One of the figures of this drama and the unparalleled event of God becoming a man was a man named Simeon.  His testimony was summed up in (Lk.2:25) “And behold, there was a man in Jerusalem whose name was Simeon, and this man was just and devout, waiting for the Consolation of Israel, and the Holy Spirit was upon him.”  This statement talked about a believing remnant in Israel, and it was almost like “code” for those who carried with them and held on to the hope of the promised Messiah who would answer every need in the human heart.  Hope was a precious commodity in a dying nation.  The Jews had been carried into captivity, many of them living in exile and slavery.  Many were cynical, faithless, and embittered.  Still, some yearned for the great days of the kings of the past, the glory of David and Solomon.  Prophets like Isaiah, Jeremiah, and Micah urged the people to keep the faith.  Their message was “Wait for one more King.  This one will be the greatest of all, and He will end our struggle forever.”  Micah distinguished himself when he said, “But you, O Bethlehem Ephrathah, who are too little to be among the clans of Judah, from you shall come forth for me one who is to be ruler in Israel, whose origin is from of old, from ancient days.” (Micah 5:2)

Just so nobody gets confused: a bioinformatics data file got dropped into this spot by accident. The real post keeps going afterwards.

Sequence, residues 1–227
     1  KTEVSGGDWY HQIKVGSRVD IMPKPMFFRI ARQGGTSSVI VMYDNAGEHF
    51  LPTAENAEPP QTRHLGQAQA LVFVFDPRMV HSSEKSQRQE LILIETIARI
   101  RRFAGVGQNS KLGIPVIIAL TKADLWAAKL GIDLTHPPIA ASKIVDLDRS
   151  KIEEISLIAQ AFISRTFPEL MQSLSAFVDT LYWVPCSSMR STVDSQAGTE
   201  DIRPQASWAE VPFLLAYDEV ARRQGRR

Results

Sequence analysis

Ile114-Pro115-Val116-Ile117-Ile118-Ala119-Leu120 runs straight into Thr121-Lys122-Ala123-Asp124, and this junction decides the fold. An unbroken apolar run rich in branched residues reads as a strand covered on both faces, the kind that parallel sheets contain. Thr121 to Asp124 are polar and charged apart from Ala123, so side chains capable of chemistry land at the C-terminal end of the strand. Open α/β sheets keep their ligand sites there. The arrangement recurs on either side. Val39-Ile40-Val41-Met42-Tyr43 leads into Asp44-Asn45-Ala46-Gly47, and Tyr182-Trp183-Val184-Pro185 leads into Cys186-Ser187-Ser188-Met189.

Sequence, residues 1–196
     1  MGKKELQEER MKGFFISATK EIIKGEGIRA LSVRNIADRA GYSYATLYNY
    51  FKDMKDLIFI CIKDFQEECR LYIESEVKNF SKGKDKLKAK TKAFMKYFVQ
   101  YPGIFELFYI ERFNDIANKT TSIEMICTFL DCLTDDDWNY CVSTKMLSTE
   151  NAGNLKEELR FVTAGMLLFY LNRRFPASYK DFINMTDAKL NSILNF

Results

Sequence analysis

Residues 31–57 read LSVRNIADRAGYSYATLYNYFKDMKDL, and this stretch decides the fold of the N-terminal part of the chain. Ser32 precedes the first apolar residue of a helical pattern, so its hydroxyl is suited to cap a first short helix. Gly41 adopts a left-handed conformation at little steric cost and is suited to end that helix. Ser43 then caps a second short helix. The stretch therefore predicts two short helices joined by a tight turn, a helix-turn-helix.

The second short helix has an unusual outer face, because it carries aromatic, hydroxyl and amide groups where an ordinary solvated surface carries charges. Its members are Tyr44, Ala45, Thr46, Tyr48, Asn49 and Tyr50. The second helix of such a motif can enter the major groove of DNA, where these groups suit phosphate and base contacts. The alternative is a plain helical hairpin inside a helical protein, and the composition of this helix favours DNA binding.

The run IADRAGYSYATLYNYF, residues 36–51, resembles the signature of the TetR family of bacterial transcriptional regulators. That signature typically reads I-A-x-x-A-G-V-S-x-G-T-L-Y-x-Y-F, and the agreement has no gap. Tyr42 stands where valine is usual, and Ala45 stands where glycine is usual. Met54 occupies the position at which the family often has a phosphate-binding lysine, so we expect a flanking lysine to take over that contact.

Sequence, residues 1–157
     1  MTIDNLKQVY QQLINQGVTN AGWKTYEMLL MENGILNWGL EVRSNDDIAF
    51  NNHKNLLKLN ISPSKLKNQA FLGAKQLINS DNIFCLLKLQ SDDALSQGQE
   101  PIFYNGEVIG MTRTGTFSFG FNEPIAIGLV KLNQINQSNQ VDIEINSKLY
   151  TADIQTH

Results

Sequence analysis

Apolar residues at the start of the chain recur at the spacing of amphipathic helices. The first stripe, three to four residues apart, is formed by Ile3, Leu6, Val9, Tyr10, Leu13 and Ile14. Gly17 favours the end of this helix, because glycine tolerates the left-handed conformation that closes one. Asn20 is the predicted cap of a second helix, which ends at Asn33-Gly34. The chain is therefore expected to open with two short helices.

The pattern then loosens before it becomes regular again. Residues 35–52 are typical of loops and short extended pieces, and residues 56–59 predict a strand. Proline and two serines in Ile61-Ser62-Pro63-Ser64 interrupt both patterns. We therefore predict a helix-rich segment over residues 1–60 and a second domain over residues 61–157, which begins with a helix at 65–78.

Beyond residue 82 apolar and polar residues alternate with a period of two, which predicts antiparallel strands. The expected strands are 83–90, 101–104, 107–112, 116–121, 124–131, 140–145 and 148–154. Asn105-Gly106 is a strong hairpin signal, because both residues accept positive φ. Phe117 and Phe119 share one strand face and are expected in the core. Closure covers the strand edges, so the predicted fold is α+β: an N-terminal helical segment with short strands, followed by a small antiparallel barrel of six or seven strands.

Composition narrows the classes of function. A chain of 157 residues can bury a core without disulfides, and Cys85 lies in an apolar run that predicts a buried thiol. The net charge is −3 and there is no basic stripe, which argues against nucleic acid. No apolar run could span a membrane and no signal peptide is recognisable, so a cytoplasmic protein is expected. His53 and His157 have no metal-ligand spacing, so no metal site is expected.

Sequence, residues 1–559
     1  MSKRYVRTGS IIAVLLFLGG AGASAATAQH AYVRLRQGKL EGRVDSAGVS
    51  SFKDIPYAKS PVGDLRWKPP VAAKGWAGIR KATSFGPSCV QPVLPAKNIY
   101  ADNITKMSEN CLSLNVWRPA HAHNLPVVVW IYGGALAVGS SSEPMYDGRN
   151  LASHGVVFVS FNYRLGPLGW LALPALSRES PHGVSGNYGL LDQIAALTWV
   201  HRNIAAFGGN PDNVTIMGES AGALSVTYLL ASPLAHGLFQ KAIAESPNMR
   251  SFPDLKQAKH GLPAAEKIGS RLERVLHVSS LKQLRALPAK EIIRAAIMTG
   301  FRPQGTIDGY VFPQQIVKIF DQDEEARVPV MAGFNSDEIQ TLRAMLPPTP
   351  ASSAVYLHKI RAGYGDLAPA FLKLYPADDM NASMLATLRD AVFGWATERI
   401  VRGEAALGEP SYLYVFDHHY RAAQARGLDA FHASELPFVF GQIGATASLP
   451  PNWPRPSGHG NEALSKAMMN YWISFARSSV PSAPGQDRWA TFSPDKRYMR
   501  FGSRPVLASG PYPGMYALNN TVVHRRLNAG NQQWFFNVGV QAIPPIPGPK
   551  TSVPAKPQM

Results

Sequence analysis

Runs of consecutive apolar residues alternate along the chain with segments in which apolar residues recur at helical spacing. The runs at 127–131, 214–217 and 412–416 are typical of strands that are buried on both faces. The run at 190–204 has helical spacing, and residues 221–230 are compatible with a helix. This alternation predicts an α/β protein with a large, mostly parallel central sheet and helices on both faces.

This accounts for why there are more than 300 Scripture prophecies, some of them fantastically specific, about Messiah who would come.  The Christmas season is also known and referred to as Advent, which comes from the Latin, ‘adventus” that means ‘coming.’  This is why in Matthew’s Gospel especially you find repeatedly in reference to the birth of Christ the statement, “that it might be fulfilled that was spoken by ______.”  Christ’s birth was not an accident, but God’s divine plan from the foundations of the world, prophecy fulfilled!

John Chrysotom (347-407 A.D.) was one of the most influential early church fathers from the 4th and 5th centuries.  He served for a time as the Archbishop of Constantinople.  He was known from his eloquence in preaching and public speaking, earning him the name “the golden-throated preacher.”  Here is one of his writings which highlights the hope that Christmas brings, even in a pagan culture that either ignores Christmas altogether, or makes it traditionally into a time of riotous behavior and debauchery.

So not think you are hearing of small things
when you hear of this birth,
but rouse up your mind,
and tremble when you are told
that God has come upon earth.

For so marvelous was this,
and beyond expectation,
that because of these things
the very angels formed a choir,
and in behalf of the world
offered up their praise for then,
and the prophets from the first were amazed at this,